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Stemming the Flow of Stormwater Pollution
Polluted stormwater runoff is the major threat to Florida's river, lakes and estuaries. Find out how DEP is working with local governments to help clean up stormwater runoff.
Florida-Friendly Interactive Yard
Learn about Florida-Friendly Landscaping Techniques
Fertilizers and pesticides used on residential and commercial landscapes are harming Florida's waterways. Find out how you can reduce your impact in your front and back yards.
Rain Barrels for Watershed Protection
Rain barrels are a great way to capture nature's bounty and keep stormwater runoff away from driveways and streets. The barrels can provide a good source for watering your plants and lawn. Collecting rainwater offers the opportunity to use "soft" water with no chlorine, calcuim carbonate, salts or other minerals that may be found in water that has filtered through the ground. And It's FREE. Lawn and garden water typically make up about 40 percent of your total water bill in dry spring and summer months. Remember that your rain barrel most likely will not be able to hold all the water draining from your roof, especially in a heavy downpour, so be sure to take into account the roof area draining to the rain barrel.
About one eighth of an inch of rain on 1,000 square feet of roof would fill a 60 gallon rain barrel; so, you would need 8 rain barrels to capture all the rain from a one inch downpour over a 1,000 square feet of roof. Rain barrels can be set up in tandem, but the plumbing between the rain barrels would have to be of a diameter large enough to accommodate most, if not all, of the rain coming through the down spout in a down pour.
Some rain barrel systems can be equipped with diverters so the excess water can be sent to perforated hoses in beds or otherwise be channeled to locations for irrigation. It could also go to a dry pond/rain garden. There are many possibilities for you to explore.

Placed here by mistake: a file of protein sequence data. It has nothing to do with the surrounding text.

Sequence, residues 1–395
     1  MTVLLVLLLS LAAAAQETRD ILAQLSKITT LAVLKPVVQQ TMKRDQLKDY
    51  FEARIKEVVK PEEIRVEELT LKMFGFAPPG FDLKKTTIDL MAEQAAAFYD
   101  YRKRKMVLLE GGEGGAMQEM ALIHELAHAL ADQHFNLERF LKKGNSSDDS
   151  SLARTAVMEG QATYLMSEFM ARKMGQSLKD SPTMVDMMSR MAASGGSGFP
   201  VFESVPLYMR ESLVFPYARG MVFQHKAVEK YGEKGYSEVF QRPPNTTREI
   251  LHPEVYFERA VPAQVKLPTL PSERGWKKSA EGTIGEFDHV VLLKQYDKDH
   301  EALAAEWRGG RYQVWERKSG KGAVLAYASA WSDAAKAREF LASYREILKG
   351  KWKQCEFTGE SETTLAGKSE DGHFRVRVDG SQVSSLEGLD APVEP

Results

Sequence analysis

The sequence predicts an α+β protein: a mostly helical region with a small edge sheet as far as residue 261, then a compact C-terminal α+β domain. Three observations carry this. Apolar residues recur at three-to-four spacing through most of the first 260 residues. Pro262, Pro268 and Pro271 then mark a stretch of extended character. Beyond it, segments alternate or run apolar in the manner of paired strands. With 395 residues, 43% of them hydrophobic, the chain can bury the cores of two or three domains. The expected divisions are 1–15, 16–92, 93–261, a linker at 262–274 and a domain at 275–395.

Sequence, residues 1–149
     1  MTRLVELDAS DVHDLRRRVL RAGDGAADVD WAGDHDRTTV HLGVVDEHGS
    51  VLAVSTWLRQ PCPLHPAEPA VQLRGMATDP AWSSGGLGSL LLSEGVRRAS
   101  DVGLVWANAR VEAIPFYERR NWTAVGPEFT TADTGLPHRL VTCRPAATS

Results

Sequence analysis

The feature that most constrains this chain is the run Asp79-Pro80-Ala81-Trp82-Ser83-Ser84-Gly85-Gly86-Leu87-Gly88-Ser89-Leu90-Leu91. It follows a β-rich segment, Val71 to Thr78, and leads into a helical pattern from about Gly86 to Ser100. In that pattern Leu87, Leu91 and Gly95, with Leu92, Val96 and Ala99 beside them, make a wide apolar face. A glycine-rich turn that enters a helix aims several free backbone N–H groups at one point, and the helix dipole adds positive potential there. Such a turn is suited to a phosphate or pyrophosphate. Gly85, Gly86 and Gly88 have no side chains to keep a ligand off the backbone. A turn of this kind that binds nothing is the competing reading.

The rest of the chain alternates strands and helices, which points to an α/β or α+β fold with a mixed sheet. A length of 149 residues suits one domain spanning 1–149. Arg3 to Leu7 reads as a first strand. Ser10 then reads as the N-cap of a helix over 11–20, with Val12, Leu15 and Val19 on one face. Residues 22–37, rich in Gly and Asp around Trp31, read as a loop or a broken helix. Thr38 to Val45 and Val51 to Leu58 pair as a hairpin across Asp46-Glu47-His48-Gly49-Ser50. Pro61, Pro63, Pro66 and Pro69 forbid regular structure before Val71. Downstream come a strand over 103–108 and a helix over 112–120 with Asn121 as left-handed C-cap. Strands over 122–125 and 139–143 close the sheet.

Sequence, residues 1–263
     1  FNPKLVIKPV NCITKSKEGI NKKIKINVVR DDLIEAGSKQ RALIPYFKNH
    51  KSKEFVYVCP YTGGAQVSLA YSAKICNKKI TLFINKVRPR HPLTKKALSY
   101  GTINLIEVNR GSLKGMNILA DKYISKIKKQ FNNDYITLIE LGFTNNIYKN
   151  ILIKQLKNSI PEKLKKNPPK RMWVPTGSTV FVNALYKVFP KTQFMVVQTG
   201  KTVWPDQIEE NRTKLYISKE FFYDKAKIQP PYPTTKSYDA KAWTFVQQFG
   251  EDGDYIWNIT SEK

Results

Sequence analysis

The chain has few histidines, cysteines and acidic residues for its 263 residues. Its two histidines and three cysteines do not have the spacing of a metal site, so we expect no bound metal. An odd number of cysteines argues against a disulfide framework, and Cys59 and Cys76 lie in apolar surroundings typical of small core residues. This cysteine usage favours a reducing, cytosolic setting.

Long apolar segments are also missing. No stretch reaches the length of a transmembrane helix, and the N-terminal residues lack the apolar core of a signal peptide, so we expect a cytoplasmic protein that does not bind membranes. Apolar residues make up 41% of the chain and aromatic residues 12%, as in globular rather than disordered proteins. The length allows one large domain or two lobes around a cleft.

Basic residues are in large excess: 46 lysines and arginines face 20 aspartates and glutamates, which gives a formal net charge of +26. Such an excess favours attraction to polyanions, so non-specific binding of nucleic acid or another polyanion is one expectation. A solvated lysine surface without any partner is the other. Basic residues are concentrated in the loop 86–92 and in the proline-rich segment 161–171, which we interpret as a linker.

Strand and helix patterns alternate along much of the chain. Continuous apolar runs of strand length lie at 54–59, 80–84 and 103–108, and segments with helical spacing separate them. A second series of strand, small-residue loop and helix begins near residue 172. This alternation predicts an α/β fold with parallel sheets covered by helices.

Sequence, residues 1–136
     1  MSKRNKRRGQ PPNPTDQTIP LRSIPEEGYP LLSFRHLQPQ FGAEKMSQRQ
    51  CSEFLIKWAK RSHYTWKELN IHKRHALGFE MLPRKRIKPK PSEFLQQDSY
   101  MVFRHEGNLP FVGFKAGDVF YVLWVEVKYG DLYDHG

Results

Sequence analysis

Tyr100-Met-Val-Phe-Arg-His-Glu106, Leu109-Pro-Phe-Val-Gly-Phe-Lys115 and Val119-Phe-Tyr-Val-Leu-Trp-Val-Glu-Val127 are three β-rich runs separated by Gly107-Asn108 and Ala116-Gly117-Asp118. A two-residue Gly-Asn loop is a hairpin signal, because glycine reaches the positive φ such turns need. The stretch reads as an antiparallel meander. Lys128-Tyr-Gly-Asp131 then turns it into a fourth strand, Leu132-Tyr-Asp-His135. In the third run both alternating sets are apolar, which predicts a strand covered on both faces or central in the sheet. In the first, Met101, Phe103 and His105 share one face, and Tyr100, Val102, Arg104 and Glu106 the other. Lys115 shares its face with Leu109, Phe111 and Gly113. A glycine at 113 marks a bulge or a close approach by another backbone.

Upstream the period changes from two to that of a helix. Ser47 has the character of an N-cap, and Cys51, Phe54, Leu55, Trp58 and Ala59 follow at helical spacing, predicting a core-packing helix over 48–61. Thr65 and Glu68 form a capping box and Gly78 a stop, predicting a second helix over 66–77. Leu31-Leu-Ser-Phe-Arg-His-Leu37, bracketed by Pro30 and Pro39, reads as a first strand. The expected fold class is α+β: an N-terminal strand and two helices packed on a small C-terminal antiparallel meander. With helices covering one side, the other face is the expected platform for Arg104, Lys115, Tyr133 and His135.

For more information, download this great resource: Rain Barrels: A Homeowner's Guide (PDF).
Source: Think About Personal Pollution (TAPP), City of Tallahassee
Build Your Own Rain Barrel
Building your own rain barrel is simple and can be a fun family project. Follow these simple steps. Also, be sure to follow the video link below to learn how to build the rain barrel.
Step 1. Clean the barrel
Use food-quality containers, not ones that held harsh chemicals. Rinse the inside of the barrel with a mixture of 1/8 cup of bleach and 5 gallons of water to wash away food or juice remnants.
Step 2. Install a hose spigot
To install a 3/4" hose spigot, drill a 15/16" hole for the spigot threading just a few inches from the bottom of the barrel. This will provide a few inches of clearance for attaching a hose or filling a watering can and allow for debris to settle below the outlet to reduce clogging.
Step 3. Build a platform
Concrete cinder blocks provide a strong, stable and level platform for your rain barrel. If you use more than one layer of blocks, stack them in a crisscross pattern so they won't tip over.
Step 4. Connect downspout to barrel
Position the barrel at its set height and measure where you need to cut or disconnect your downspout. Often you can disassemble the downspout at the gutter by taking out screws or drilling out rivets. If you do have to cut it off, use a fine-toothed hacksaw blade or tin snips.
A flexible downspout extender makes an easy transition from the downspout to your barrel lid and eliminates the need for exact measurement because it bends and stretches to the length you need.
Step 5. Cut barrel opening
Place the downspout connection in the barrel. If your barrel comes with a lid, or if it has a sealed top, you will need to cut a hole in it.
Decide where to place the barrel — many people put them under a downspout for easy attachment. Also consider the distance to your plants, gardens and flowerbeds.
If you don't have gutters, put the barrel under a valley in the roof that sheds a lot of water. Be sure to put a screen over the open barrel to keep out debris, small animals and insects. This will take a lot longer to fill, but may be more practical for your location.
Source: Southwest Florida Water Management District
Homeowner's Guide to Rain Barrels - 2.9MB
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